Single page

A nested multipage documentation repo can have this structure:



Nested multipage

You must amend the documentation repo folder structure to reflect this structure.

Create multiple .html.md.erb files

Basic multipage requires multiple .html.md.erb files in the tech docs repo source folder.

Each .html.md.erb file relates to one separate page within the tech docs, and references the markdown files in the associated folder.

Additionally, the tech doc repo must have at least one .html.md.erb file in the source folder named index.html.md.erb.

Amend the multiple .html.md.erb files

  1. Add a weight argument and value to the title of each .html.md.erb file. This builds the structure of the multipage documentation.

    For example:

    ---
    title: "Product Technical Documentation"
    ---
    

    becomes

    ---
    title: "Product Technical Documentation"
    weight: 10
    ---
    

    Higher weights mean that the content is lower down in the documentation hierarchy. An easy way to remember this is to think “heavier pages sink to the bottom”.

    For example, a single .html.md.erb file becomes multiple .html.md.erb files:

     
    Single page Multipage

    weight: 10
    title: “Product Technical Documentation”


    <%= partial 'documentation/index’ %>

    weight: 10
    title: “Product Technical Documentation”


    <%= partial 'documentation/index’ %>

    weight: 10
    title: “Product Technical Documentation”


    <%= partial 'documentation/index’ %>

    weight: 20
    title: “Product Technical Documentation”


    <%= partial 'documentation/start’ %>

    weight: 30
    title: “Product Technical Documentation”


    <%= partial 'documentation/users’ %>

     

Add H1 heading if required

Add an H1 heading to either the .html.md.erb file or at the start of the first markdown file for each individual content page.

If there is an H1 heading in both, you will see two H1s when the documentation site builds and renders in your internet browser.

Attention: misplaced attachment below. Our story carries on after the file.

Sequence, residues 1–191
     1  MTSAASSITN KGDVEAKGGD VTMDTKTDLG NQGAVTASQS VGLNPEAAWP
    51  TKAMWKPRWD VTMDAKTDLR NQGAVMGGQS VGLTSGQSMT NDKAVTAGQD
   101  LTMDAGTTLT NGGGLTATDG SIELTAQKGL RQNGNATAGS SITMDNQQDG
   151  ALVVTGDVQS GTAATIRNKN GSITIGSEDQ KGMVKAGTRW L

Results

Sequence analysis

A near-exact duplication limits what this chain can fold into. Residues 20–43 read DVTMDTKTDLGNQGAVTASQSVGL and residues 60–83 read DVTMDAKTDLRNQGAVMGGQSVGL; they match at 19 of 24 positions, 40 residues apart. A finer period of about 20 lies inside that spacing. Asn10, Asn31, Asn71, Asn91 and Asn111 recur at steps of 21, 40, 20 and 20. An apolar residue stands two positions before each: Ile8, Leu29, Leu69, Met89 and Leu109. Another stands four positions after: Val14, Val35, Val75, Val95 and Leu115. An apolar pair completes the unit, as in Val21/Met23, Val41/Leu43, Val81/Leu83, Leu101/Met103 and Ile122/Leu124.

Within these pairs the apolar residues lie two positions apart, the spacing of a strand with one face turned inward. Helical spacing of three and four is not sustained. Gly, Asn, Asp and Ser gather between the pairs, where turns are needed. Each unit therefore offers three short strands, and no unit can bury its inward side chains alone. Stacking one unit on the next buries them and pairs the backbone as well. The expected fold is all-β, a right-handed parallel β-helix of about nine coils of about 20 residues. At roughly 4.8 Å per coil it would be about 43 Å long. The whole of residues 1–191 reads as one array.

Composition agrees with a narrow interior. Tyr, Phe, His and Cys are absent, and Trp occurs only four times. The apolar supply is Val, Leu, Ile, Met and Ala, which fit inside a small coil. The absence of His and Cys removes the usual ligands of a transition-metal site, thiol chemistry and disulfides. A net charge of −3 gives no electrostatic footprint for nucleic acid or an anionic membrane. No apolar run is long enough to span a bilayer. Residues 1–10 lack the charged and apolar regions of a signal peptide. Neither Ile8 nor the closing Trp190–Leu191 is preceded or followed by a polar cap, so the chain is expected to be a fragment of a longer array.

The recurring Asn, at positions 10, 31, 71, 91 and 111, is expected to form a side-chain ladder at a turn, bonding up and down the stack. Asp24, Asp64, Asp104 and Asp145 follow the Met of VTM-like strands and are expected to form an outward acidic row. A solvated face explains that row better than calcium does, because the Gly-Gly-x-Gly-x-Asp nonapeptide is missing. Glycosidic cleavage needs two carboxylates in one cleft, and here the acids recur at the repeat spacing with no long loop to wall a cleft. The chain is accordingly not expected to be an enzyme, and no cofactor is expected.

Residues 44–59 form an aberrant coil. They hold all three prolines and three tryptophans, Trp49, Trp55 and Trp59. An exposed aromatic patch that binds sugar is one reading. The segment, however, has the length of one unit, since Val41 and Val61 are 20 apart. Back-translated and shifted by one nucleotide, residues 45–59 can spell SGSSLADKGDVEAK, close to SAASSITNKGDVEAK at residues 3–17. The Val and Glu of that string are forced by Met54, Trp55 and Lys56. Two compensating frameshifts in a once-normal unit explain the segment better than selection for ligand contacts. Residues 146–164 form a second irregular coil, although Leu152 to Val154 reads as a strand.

Create folder for nested content .html.md.erb files

Refer to the GOV.UK PaaS technical documentation repo nested content folder as an example.

  1. Create a folder within the source folder. This is where the .html.md.erb files for your nested content must live.

  2. Create an index.html.md.erb file within the nested content folder. This will be the “wrapper” for the nested content. It can refer to another content file through partials or have the content in itself.

    Note that each .html.md.erb must have a weight value that preserves the overall hierarchy both within the nested content and compared to the other non-nested content.

  3. Create sub-folders for each nested page under the “wrapper”.

  4. Create an index.html.md.erb file within each sub-folder. Each .html.md.erb file can refer to another content file through partials or have the content in itself.

    Note that each .html.md.erb file must have a weight value that preserves the overall hierarchy both within the nested content and compared to the other non-nested content.

Add H1 heading if required

Add an H1 heading to either the .html.md.erb file or at the start of the first markdown file for each individual content page.

If there is an H1 heading in both, you will see two H1s when the documentation site builds and renders in your internet browser.